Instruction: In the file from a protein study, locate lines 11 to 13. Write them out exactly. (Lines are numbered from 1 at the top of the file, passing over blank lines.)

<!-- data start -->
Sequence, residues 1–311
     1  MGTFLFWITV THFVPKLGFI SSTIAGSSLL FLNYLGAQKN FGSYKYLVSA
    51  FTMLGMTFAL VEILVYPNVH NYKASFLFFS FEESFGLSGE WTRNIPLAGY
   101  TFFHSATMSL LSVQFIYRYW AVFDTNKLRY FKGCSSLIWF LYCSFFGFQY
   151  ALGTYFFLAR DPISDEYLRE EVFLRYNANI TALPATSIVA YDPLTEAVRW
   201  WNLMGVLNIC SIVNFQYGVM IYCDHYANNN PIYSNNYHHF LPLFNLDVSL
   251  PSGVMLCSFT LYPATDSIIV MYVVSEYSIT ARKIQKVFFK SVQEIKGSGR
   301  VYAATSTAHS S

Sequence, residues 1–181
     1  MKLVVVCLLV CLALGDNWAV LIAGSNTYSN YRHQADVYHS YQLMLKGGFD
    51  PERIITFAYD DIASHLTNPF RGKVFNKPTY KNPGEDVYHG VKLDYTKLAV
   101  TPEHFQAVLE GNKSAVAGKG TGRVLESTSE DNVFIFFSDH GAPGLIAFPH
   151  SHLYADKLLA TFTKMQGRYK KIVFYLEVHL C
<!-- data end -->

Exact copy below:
    51  PERIITFAYD DIASHLTNPF RGKVFNKPTY KNPGEDVYHG VKLDYTKLAV
   101  TPEHFQAVLE GNKSAVAGKG TGRVLESTSE DNVFIFFSDH GAPGLIAFPH
   151  SHLYADKLLA TFTKMQGRYK KIVFYLEVHL C